Iceland was one of a handful of countries to vote against a shark hunting ban at last Sunday’s CITES (the Convention on International Trade in Endangered Species of Wild Fauna and Flora) conference in Geneva, despite none of the protected sharks being native to Icelandic waters, Vísir reports.
The overfishing of sharks has been a topic of concern for CITES, prompting the submission of three separate articles concerning 18 species of shark, including the mako. The majority of countries involved voted in favour of a hunting ban on these sharks, although some countries had objections to hunting bans on specific species.
Iceland was one of a handful of countries to vote against banning the hunting of any of these species, despite the fact that none of the 18 species involved swim in Icelandic waters.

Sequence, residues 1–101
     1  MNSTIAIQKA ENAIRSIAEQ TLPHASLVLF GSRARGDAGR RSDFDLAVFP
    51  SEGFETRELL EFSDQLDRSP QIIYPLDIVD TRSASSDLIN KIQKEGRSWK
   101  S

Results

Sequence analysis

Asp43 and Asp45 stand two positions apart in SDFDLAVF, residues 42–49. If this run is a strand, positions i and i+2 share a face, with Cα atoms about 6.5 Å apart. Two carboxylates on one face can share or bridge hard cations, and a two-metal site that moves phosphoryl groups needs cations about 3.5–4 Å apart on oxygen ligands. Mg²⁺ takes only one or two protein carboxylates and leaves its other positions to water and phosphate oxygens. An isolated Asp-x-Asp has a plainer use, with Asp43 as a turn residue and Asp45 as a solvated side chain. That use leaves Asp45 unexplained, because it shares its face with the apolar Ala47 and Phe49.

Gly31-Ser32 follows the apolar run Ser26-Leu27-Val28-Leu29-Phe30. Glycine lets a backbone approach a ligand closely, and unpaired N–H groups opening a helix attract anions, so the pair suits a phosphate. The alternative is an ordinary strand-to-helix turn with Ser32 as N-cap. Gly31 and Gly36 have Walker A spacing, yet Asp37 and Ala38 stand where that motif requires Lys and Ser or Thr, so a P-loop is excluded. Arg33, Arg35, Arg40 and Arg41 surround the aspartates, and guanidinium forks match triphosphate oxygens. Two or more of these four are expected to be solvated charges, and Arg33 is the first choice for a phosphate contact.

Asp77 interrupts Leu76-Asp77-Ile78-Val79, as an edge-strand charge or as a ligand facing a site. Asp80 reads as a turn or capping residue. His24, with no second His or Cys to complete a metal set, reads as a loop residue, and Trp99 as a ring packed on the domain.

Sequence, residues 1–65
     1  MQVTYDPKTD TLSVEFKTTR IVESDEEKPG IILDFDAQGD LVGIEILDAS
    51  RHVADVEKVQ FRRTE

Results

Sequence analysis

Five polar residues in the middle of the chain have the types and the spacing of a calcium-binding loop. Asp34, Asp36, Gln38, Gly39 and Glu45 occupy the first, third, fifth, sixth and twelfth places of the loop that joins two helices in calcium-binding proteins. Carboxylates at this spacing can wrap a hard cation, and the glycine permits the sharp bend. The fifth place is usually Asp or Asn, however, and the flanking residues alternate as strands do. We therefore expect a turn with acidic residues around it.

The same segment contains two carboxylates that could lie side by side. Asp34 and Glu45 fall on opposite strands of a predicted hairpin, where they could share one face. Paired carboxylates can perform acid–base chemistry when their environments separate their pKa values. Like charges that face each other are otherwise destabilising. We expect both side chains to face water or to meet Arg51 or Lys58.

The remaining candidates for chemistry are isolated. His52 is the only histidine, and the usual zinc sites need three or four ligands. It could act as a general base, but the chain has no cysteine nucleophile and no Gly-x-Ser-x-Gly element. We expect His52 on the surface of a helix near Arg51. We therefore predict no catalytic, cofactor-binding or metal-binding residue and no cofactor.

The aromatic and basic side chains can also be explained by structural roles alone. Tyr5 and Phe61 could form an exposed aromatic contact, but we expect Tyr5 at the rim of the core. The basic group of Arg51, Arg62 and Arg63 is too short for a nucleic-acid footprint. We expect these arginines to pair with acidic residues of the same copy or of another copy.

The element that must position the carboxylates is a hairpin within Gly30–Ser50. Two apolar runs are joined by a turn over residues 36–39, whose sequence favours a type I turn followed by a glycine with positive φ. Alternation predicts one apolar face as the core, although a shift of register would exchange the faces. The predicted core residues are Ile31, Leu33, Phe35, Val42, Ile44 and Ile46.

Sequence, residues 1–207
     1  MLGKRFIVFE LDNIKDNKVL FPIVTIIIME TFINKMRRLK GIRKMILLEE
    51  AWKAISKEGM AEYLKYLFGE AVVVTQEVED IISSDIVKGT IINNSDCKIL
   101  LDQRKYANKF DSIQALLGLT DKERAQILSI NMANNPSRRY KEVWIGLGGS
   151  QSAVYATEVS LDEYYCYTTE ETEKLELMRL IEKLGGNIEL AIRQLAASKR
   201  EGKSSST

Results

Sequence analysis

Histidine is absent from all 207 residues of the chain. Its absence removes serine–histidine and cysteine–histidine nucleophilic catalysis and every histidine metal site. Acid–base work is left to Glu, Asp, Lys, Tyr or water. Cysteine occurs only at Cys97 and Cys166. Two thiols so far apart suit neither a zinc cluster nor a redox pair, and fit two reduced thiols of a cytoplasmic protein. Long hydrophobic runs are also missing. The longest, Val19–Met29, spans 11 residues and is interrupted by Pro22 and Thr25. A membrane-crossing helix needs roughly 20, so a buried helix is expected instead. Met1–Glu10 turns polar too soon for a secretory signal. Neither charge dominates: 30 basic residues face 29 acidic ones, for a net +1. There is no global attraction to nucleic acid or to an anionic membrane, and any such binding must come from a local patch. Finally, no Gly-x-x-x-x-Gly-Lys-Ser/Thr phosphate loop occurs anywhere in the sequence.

“Icelanders have been very reluctant to agree to protections on fish,” biologist Jón Már Halldórsson told reporters. “We are a fishing people, and there are greater interests that lie in other species. Foreign organisations have fought for limiting the fishing of cod, for example.”
Shark hunting does not comprise a large portion of Iceland’s overall fishing revenue. There are five species of shark that are hunted in Icelandic waters: the Greenland shark, the porbeagle, and three species of dogfish. The Greenland shark is the most popular of all these, and is the species usually used in the creation of hákarl, Iceland’s notorious fermented shark.
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